No On Proposition 24

“Prop 24 preserves and exacerbates the problem of inequitable access to privacy rights. From its pay for privacy components to a complicated opt-out structure, it places the burden on the average consumer to protect their own privacy. Working people don’t have the time to do the paperwork and they can’t afford to pay companies to respect their wishes. As a result, Prop 24 will disproportionately harm vulnerable communities, like the poor and elderly.”

League of Women Voters of California

“Prop 24 allows companies to use and share your personal information without getting your permission – and then charge more when you ask for privacy. Californians are already struggling to afford the internet for essential services, medical care, and schoolwork during a health crisis, and Prop 24 would disproportionately burden working people and Black and Latinx families. Californians deserve real privacy protection, and we hope they vote no on Prop 24.”

Jacob Snow, ACLU of Northern California

“Prop 24 delays for years the right of workers to know what data their bosses are collecting about them. There is no valid excuse for Prop 24’s denial of this fundamental right of working people.”

Zenei Cortez, President, California Nurses Association

“The ballot initiative [Prop 24] creates a confusing mechanism for consumers to exercise their rights to stop the sale or sharing of their personal information… (T)he ballot initiative could reduce choices for consumers and make it even more difficult for them to opt out.. (T)he prospect that the initiative could freeze legislative progress is a worrying one.”

Maureen Mahoney, Consumer Reports

“Prop 24 would expand the power of a business to refuse a consumer’s request to delete their data…Prop 24 would end CCPA [current law] protection of biometric information (such as DNA or faceprints) … Prop 24 would expand the power of service providers (which process data for businesses) to combine sets of consumer data that they obtain from different businesses or directly from consumers.”

Electronic Frontier Foundation

“Proposition 24 was written to accommodate big social media platforms and the Internet and technology companies that spend tens of millions of dollars a year to lobby government at all levels to avoid laws that hurt their profits. Proposition 24 is a bonanza for them – and a big step back for consumer privacy. Please Vote NO on Proposition 24.”

Dolores Huerta, Labor and Civil Rights Leader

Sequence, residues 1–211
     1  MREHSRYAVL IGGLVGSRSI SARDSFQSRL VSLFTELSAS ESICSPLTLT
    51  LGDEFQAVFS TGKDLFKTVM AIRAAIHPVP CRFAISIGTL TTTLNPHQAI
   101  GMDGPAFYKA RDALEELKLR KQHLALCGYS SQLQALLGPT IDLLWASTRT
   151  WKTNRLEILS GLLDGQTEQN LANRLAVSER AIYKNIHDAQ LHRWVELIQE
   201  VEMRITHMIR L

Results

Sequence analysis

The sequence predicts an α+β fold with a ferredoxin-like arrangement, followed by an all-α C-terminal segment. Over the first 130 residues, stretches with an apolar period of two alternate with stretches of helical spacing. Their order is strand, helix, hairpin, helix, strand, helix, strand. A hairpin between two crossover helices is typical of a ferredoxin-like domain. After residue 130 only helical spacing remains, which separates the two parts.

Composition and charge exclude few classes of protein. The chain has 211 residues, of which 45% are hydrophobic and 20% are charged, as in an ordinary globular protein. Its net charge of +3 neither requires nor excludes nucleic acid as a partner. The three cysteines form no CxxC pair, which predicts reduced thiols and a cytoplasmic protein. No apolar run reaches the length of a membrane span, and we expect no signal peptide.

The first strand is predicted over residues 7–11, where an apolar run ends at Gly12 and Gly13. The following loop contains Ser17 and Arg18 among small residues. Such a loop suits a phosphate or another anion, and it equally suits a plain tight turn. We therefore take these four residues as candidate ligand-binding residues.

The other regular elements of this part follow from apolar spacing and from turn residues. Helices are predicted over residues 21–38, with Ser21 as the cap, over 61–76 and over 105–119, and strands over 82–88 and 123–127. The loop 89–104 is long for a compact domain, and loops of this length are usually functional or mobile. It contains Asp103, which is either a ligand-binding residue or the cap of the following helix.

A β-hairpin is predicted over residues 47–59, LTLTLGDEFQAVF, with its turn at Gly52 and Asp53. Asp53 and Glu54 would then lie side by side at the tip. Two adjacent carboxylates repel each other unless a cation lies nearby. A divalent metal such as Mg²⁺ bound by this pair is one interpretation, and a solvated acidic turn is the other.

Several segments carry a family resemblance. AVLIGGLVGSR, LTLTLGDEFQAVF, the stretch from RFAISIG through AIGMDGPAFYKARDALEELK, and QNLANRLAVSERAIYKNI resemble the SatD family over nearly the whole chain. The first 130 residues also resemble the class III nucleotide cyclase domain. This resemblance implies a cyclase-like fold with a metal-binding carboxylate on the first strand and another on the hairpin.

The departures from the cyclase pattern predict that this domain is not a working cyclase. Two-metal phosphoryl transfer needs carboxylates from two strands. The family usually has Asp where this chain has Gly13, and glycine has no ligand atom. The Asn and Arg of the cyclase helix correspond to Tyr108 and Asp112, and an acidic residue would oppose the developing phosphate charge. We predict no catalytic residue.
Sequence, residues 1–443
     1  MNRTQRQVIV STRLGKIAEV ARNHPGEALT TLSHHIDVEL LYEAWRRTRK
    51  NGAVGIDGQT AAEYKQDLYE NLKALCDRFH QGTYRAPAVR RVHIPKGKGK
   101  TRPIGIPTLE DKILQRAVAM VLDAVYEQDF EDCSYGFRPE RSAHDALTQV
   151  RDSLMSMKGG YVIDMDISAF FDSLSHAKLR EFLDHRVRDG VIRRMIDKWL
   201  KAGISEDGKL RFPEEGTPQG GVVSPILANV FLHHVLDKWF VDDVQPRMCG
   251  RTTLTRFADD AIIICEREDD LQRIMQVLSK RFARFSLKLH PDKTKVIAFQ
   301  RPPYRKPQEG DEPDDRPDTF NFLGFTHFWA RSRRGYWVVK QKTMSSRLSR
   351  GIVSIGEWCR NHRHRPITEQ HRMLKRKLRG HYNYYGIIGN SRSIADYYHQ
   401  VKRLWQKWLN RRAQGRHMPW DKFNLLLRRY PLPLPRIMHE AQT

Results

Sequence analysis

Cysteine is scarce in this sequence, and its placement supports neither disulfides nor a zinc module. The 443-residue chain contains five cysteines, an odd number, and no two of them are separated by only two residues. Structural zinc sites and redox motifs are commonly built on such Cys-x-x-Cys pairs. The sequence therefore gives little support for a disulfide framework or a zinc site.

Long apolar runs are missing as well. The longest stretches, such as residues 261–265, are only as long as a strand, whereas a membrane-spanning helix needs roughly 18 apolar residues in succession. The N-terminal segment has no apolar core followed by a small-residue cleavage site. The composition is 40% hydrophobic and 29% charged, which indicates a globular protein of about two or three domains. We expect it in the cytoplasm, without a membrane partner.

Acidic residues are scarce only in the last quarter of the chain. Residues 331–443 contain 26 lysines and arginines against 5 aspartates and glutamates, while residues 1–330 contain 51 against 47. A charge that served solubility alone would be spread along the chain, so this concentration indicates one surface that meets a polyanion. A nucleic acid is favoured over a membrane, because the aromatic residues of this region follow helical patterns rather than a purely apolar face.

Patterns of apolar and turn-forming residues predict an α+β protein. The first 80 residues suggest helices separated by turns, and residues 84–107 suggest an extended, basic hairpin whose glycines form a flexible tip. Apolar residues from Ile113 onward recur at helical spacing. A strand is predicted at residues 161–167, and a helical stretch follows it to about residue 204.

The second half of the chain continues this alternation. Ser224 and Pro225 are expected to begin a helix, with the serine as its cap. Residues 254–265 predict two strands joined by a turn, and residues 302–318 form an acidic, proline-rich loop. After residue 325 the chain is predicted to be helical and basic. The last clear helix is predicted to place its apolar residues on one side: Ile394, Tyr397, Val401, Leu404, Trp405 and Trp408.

“Some of the conflict [with privacy advocates] has to do with how Mactaggart wrote CPRA [Prop 24] in consultation with the tech industry… at least half a dozen provisions in the initiative trace directly back to Mactaggart’s private negotiations with companies including Google and Facebook.”

Washington Post

“The zillionaire landlord who is the sole funder of Prop 24 admitted on a national PBS interview that he is entirely dependent on big search engines to advertise his properties. He stated that he abandoned a much stronger privacy initiative which Facebook and Google opposed when he realized big tech could “eradicate my business” if he interfered with their privacy-invading practices. Now he is back with Prop 24, and big tech has no objections. A real estate mogul with a financial conflict of interest should not determine the privacy rights of 40 million Californians. Vote No on Prop 24.”

Richard Holober, President, Consumer Federation of California

“Proposition 24 asks you to approve “pay for privacy,” letting companies charge more to safeguard your personal information… Pay for privacy has racially discriminatory impacts, disproportionately pricing out working people, seniors, and Black and Latino families. All Californians deserve privacy, not just the wealthy.”

John Mathias, Deputy Senior Campaign Director, Color of Change

“Proposition 24’s funder hopes you won’t read its fine print. If you do, you’ll see it reduces your rights under current law, giving big tech businesses new ways to collect your private information, like data from health and financial apps, and tracking where you go.”

Nan Brasmer, President, California Alliance for Retired Americans

“Proposition 24 asks you to vote for what is in effect a privacy poll tax.”

Tracy Rosenberg, Executive Director, Media Alliance

“Prop 24 reduces California privacy protections. It changes the law to allow cell phone carriers and internet providers to capture personal data stored on a phone, computer or device the minute you travel outside the state with a device.  Vote No on Prop 24.”

Mark Toney, Executive Director, TURN – The Utility Reform Network

“We urge voters to reject Proposition 24. Besides sowing confusion among voters, the initiative could reduce privacy rights that Californians gained under a recently enacted law. It appears that Prop 24 would allow businesses to create new ‘pay for privacy’ schemes. Tech companies could downgrade service to those who cannot or will not pay an extra fee. This is unfair to low-income consumers, seniors and people of color who are already struggling to afford essential high-speed internet connections while enduring a pandemic and massive unemployment.”

Linda Sherry, Consumer Action

“CDD has concluded that Prop 24 does not sufficiently strengthen Californians’ privacy and may, in fact, set a new, low, and thus dangerous standard for privacy protection in the U.S.”

Center for Digital Democracy

“We have changed our position on Proposition 24. It’s billed as a privacy reform measure, but as we’ve read more about it, we’ve learned that many of the “reforms” are loopholes that would further entrench a “pay-for-privacy” economy and otherwise weaken California’s privacy protections. We are now a NO on 24.”

Indivisible SF

“Vote NO on Prop 24 to protect consumers’ personal information.”

Courage California (Courage Campaign)